PC Alamode
Reviews Columns Features Archives

 PC Alamode

Color Laser Printers
Ready for the Home?


Black and white laser printers have been available at reasonable prices for quite a while, and used to be popular for home use. Then printer makers figured out how to make inkjet printer that could print superb text, and the laser printer, which was always more expensive, became passť for home use. For the office, where mostly black text documents are still printed, the laser printer is still dominant. But for the home, the inkjetís ability to print colored text and pictures made it a much more attractive deal than the black and white laser. Of course, color laser printers existed, but had severe drawbacks: 
  • They were hideously expensive
  • They were huge
  • They were noisy
  • They produced mediocre color prints

Thatís all changed. Several companies produce color laser printers at the $800 price point. Thatís still a lot more expensive than most inkjet printers, but itís a lot closer to reasonable than earlier color laser printers. And they have certain advantages over inkjet printers: 

  • Theyíre much faster
  • They produce pages that arenít wet and wrinkled
  • They may be cheaper to operate, although Iím not exactly sure how to figure that out

I decided to see how well some of the current color printers work. I set off for CompUSA, which I figured would have the best local selection of higher-end printers. I was right. I found color laser printers from Hewlett-Packard, Minolta/QMS, and Okidata ó all priced at the $800 point. Helped by a salesman, I ran off test documents from all three printers. I grant you thatís not totally conclusive, but it was probably the best I could do under the circumstances. So how did they compare? 

  • The Hewlett-Packard color LaserJet 1500 was my first stop. Although not small by inkjet standards, its stylish curved case didnít take up too much space. HP LaserJet 1500The printer printed its test page faster than the much more expensive Hewlett-Packard color laser printers we use at my workplace. The text was superb; after all, thatís what lasers do best. The test page didnít include any colored text, so I couldnít tell how it would look. Graphics on the test page appeared quite grainy, however. There was no banding within solid color areas, which can be a problem with both inkjet or laser printers.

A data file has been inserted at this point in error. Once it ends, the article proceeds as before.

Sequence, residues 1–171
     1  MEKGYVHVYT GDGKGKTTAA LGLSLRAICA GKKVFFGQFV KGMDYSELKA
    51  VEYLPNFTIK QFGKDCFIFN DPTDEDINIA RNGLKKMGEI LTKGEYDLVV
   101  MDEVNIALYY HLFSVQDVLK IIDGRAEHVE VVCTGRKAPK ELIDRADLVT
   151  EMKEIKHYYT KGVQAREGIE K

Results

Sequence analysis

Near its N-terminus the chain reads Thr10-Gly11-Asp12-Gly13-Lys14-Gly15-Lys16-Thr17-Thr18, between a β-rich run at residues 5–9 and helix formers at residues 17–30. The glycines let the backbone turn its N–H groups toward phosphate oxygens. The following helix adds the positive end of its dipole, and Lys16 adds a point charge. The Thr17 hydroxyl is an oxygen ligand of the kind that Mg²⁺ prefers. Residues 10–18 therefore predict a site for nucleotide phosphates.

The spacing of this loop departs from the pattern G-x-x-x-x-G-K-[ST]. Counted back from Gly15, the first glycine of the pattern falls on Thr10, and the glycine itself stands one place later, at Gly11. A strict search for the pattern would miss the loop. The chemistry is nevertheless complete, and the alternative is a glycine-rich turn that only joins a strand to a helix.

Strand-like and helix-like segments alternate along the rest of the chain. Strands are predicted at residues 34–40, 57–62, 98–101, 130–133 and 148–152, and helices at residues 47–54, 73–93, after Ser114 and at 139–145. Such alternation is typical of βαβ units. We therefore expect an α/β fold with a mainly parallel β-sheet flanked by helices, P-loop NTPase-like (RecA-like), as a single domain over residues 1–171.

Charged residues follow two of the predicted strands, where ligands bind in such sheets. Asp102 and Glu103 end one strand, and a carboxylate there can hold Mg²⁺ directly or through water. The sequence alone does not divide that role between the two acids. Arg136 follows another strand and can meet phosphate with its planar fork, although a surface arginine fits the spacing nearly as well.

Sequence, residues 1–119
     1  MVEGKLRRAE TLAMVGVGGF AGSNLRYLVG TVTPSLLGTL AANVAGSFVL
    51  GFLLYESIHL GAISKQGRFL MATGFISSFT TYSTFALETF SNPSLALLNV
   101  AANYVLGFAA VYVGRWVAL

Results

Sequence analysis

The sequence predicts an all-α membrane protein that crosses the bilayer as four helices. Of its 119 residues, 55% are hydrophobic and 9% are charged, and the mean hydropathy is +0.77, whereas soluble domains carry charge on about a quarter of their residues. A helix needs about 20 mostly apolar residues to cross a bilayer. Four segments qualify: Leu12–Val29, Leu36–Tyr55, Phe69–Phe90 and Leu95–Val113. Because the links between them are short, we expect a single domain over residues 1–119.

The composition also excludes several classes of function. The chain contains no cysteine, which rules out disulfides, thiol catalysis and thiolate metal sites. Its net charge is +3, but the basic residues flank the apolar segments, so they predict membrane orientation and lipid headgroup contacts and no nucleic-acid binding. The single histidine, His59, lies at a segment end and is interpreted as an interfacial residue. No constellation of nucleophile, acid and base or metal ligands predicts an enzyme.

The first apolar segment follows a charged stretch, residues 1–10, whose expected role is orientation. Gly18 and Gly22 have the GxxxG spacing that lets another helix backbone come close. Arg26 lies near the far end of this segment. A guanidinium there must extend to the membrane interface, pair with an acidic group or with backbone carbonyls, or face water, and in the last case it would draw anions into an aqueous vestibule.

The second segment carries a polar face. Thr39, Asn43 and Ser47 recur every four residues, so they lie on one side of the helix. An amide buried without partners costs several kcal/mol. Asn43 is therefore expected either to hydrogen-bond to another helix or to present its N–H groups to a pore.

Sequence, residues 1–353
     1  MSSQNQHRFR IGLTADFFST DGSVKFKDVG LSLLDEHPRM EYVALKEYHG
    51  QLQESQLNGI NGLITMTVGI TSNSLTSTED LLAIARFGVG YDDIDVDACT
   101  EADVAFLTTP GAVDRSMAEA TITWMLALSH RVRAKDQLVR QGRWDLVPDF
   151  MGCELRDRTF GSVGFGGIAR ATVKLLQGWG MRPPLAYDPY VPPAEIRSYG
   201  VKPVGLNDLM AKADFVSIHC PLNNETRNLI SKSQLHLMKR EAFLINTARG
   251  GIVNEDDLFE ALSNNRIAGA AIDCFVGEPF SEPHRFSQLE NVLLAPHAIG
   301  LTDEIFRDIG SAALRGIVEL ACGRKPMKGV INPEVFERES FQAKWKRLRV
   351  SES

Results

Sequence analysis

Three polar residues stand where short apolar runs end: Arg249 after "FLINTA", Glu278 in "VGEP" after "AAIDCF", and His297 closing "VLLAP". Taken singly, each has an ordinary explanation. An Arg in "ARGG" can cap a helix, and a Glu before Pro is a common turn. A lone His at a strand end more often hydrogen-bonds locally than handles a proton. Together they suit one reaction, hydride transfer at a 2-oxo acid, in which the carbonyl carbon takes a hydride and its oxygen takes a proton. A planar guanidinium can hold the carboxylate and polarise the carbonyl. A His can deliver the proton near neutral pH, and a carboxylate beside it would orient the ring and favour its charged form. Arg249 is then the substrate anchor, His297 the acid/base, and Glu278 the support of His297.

• QMS was one of the pioneers of color laser printers, and I expected their magicolor 2300L to perform very well. And it did. It was perhaps a smidgen faster than the Hewlett-Packard printer, but not hugely so.QMS 2300L Text was great, including the colored text it printed. Graphics were a little grainy, but less so than the Hewlett-Packard. I saw no banding here, either. A built-in Ethernet connection makes it possible to hook the printer directly to a network.
  • I hadnít seen an Okidata printer in quite a while. Okidata made my first dot-matrix printer, and it was quite a workhorse, so I was familiar with the brand; however, it seemed to have dropped out of sight years ago. The first thing I noticed about the Okidata C5100N printer was that it was a pretty large unit; maybe 20% larger than the Hewlett-Packard. Okidata C5100NWhen I printed the test page, however, the differences were not subtle; the colors were brilliant! Color in both text and graphics was much brighter than the other two printers. And it seemed faster than either of the others, although not by a huge margin. Like the QMS printer above, the Okidata printer has a built-in network connection. And the text, was, predictably, great.

So should you buy one? Or stick with your inkjet? That depends. Inkjets are cheap, and produce excellent color and text (well, some of them do). They are fairly speedy. One drawback is the high price of inkjet cartridges. In contrast, color lasers are very fast, donít produce pages that are sopping wet and wrinkled, and at least two of the three have network interfaces included. It was once axiomatic that laser printer toner was much cheaper than inkjet ink, but color toner cartridges are pretty expensive; $100 each for the Hewlett-Packard, while the Okidataís are $120 each. I donít know how many pages the toner cartridges will print, so I canít compare their costs to inkjets. But you have to replace four cartridges to completely replenish the toner, which can be pretty expensive.

Although the output of the color laser printer is attractive, I wouldnít say they surpassed a good photo inkjet printer at printing photographs. And the color laser printers are pretty large, compared to inkjets.

If one of the two factors I mentioned earlier: speed and dry pages appeals to you, a color laser printer may be a good investment. Otherwise, I suggest you consider a really good inkjet printer.


Copyright© 1996-2010
Alamo PC Organization, Inc.
San Antonio, TX USA